Today, the GOP blocked the energy bill because it included new taxes on oil companies. It was blocked because it included billions of dollars in new taxes on the biggest oil companies.
The Democratic leaders fell one vote short, 59-40, in getting the 60 votes needed to overcome a GOP filibuster. And in order to move the bill forward, Democrats said they would strip the taxes from the legislation. Reid of Nevada revised energy package would include the first increase in automobile fuel efficiency in three decades and massive increases in the use of ethanol as a motor fuel, but it will "eliminate the tax title."
And thus, the Republican leader Mitch McConnell of Kentucky predicted the revised bill would be approved with wide bipartisan support.
Here are is the list of compromises already made to the bill:
Senate Democrats earlier dropped a House-passed provision that would have required investor-owned utilities nationwide to generate 15 percent of their electricity from solar, wind and other renewable sources.
The mandate was fought by the electric utility industry and, especially the Atlanta-based Southern Co. They argued that the mandate would lead to higher electricity costs, especially in regions that do not have an abundance of wind or solar energy, such as the Southeast.
The oil companies had pressed lawmakers to oppose repeal of the $13.5 billion in tax breaks provided them by Congress in 2004 and 2005. They argued the tax relief was essential as an incentive for domestic oil and gas production and refinery expansion and that rolling back the tax breaks would lead to higher energy prices.
Democrats released a report by the Joint Economic Committee on Wednesday that concluded that rescinding the tax breaks would have no impact on production decisions or "have any effect on consumer prices for oil and gas."
There's a website up called the Oil Accountability Project that MyDD is partnering with to dive into and expose the issue.
It's exposed that last year's Abramoff/Safavian/Ney scandal revealed a number of massive scandals in the Department of Interior. But they were just the tip of the iceberg. Even though the spotlight has faded a bit, the litanies of scandals, rip-off and handout to big oil continues. Especially at the Minerals Management Service -- the part of the DOI that is supposed to collect royalties from oil companies who are extracting resources from our public lands.
However, for the past six years
, government whistleblowers have alleged that a lack of oversight, deficient procedures, and cozy industry ties between MMS officials and oil and gas companies have created a system that allows the companies to underpay the federal government for scarce resources extracted from public lands.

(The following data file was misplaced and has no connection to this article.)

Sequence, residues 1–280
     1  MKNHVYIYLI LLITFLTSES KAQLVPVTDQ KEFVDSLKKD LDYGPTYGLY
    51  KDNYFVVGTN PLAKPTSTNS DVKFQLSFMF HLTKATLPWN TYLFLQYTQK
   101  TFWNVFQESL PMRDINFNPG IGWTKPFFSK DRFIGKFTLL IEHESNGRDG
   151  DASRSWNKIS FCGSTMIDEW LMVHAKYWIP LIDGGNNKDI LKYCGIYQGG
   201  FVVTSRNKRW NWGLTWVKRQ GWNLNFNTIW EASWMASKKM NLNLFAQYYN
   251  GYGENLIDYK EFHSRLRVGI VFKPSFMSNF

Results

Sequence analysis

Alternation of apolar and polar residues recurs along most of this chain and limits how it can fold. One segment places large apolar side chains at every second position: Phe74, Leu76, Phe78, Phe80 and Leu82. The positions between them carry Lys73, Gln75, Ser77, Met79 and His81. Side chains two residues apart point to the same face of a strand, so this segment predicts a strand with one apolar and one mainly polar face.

On September 19th, DOI Inspector General Earl Devaney echoed these concerns in his report "Minerals Management Service (MMS): False Claims Allegations." The report describes a process systemically plagued by ethical lapses, process failures, mismanagement and conflicts of interest. The IG report highlights the need for vigorous oversight of the oil and gas industry with an eye towards real accountability.
Taxpayers for Common Sense and Project on Government Oversight assert the MMS's closeness with its clients taints its mission to pursue uncollected royalties for the Treasury. This has been especially true, they say, in the six years since the Bush administration instituted a new process called "compliance review." Beth Daley, an investigator for Project on Government Oversight, said there has been a fundamental change with auditors being told not to audit oil companies that hold federal leases: "It was never a great culture, but it has taken a turn for the worse." Before, the agency relied more on auditing to determine whether proper royalties were being levied and paid.
As a result of these alleged abuses, whistleblowers have brought forth legal actions claiming oil and gas companies systematically undervalue the amount and value of resources removed from public and Native American lands, with one case (Burlington Resources) recently settling for more than $97 million. Evidence in these cases suggests oil companies prefer to risk federal penalties rather than pay the actual amounts owed since the prospect of real penalties (particularly under this Administration) stands so remote.
The question to ask is if we have any reason to believe things will be any different under a Democratic president? Of course we all hope so, but will the candidates go on the record pledging to end the sloppy and corrupt practices at the DOI that are costing us all millions and millions of dollars?